For this reason, we should tolerate free speech with as few exceptions as possible, so that should a belligerent government someday attempt to suppress dissent, there will be popular outrage against them.
Kevin T
user 26476282
Brooklyn, NY
Post #: 75
... sorry, I haven't been able to read, much less reply, for the past few days ... I'll do my best to get there, but the gravy of life has had just too much flour recently ...
Bill
user 2341848
New York, NY
Post #: 187
Kevin, it will be interesting to see if you are actually willing to take a position and stand behind it, rather than constantly covering yourself with "What I'm saying doesn't necessarily refllect what I actually believe" disclaimers.
A former member
Post #: 2
"I remember Glenn Beck talking a lot about how much he disliked "progressives". However, liberals generally LIKE being called "progressives" -- it's not really "name calling" every time you use a noun. "Name-calling" is when you're trying to shut someone up by calling them a name they don't like being called."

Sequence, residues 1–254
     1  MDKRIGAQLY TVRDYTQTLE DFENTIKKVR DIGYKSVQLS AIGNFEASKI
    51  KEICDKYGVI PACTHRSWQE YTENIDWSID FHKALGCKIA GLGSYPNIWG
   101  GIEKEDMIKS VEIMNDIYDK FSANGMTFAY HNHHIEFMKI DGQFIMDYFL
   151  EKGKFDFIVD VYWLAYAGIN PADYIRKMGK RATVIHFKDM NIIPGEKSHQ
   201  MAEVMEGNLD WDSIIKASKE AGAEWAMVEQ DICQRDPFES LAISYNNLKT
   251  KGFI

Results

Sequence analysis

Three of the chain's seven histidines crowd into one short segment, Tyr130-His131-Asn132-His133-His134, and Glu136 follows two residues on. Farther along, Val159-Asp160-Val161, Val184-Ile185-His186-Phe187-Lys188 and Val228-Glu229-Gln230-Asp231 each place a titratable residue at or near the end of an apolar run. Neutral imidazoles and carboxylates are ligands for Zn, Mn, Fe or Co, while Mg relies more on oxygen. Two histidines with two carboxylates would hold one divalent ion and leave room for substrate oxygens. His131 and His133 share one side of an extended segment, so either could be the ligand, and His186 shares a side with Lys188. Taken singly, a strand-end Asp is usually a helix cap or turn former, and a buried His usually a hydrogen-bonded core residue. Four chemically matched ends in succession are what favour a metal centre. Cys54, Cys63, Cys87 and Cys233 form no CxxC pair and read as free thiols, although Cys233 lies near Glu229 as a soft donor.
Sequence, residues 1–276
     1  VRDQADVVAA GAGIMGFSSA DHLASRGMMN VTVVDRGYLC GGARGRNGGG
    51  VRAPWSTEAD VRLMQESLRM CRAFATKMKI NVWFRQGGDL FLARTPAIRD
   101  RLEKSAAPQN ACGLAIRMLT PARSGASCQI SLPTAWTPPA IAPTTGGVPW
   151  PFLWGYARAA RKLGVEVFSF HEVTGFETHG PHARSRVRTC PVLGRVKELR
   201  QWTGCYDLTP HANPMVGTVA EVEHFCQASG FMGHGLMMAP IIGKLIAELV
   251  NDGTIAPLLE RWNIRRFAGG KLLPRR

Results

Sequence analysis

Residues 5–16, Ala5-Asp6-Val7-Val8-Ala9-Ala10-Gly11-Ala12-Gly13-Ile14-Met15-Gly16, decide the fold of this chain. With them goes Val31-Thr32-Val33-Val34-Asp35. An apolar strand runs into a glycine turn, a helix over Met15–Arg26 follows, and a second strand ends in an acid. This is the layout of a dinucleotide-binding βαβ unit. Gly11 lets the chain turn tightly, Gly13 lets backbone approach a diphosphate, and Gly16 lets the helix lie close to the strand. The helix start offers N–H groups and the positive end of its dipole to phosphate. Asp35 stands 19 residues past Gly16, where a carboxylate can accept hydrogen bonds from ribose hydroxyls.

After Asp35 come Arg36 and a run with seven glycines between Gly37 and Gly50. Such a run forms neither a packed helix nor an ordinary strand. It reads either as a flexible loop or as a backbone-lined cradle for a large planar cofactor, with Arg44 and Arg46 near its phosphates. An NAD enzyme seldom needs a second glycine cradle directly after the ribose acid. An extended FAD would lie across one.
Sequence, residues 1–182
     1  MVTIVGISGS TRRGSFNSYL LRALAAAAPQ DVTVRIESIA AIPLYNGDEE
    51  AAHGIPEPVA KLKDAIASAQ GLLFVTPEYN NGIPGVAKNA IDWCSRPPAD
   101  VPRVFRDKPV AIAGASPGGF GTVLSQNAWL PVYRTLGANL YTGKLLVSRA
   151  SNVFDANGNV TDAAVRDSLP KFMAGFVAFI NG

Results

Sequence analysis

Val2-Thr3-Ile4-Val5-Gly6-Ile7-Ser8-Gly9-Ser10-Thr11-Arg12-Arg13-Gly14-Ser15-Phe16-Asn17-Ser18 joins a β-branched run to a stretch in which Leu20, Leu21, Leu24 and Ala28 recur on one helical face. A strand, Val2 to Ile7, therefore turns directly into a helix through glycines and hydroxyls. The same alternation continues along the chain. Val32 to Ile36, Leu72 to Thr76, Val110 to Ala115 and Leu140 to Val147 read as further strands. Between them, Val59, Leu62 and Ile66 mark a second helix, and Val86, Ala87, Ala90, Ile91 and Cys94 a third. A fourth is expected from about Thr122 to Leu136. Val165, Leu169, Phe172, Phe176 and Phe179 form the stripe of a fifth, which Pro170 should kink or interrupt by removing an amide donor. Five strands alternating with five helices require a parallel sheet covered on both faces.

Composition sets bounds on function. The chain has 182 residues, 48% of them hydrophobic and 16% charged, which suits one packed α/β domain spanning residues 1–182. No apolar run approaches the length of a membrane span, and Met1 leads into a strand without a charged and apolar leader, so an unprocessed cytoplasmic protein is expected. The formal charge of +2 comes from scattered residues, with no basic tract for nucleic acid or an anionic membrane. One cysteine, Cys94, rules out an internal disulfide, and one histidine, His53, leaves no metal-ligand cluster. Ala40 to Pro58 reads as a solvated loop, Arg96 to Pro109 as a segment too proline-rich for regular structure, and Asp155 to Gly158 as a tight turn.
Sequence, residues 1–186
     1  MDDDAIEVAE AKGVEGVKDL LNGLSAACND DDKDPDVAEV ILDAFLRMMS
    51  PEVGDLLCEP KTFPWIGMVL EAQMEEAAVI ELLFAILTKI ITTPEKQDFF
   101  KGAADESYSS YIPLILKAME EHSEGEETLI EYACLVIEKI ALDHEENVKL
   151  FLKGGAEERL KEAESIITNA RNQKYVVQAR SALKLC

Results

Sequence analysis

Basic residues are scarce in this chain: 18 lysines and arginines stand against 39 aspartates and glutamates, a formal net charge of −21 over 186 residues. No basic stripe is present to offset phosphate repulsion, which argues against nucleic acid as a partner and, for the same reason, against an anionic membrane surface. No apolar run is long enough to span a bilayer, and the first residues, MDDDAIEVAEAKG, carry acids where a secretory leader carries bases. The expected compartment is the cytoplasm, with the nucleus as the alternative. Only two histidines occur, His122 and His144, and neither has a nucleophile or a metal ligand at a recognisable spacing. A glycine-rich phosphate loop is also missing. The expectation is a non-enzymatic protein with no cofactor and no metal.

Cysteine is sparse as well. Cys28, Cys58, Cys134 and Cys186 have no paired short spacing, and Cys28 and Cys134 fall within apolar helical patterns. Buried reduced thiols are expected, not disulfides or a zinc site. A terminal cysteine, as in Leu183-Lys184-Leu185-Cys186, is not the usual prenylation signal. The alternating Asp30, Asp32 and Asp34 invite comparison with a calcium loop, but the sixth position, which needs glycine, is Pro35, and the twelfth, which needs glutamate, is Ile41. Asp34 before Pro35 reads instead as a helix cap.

The latter sentence says it perfectly. Note your having included the word "trying." You cite Glenn Beck's use of the label progressives. Was he using it as a complement? Was he trying to inspire support for and admiration of the people to who he was referring? Or was he hoping liberals would cringe from that characterization and hopefully be more restrained in the expression of their views. Perhaps that couldn't silence them, but at least it might force them to go back to the drawing board and try to figure out a way to adjust their expression so as to avoid the "progressive" label. Actually, though, as you make clear, the "censorship" effort fails. Liberals not only aren't afraid of the "progressive" label, they actually like it. So as censorship competence goes, Glen Beck fares poorly. He tried to censor. He failed.

As to other instances of name calling, it's not hard to find them, especially in an election year: "liberal," "tax-and-spend," "profligate," "socialist" (this seems mainly reserved for Obama). Then, too, we have the close variation on name calling, where one characterizes an opponent's views in ways that while not factually accurate are expected to be beneficial for the speaker. The classic lately has been claims that health-care advocates propose to establish "death panels."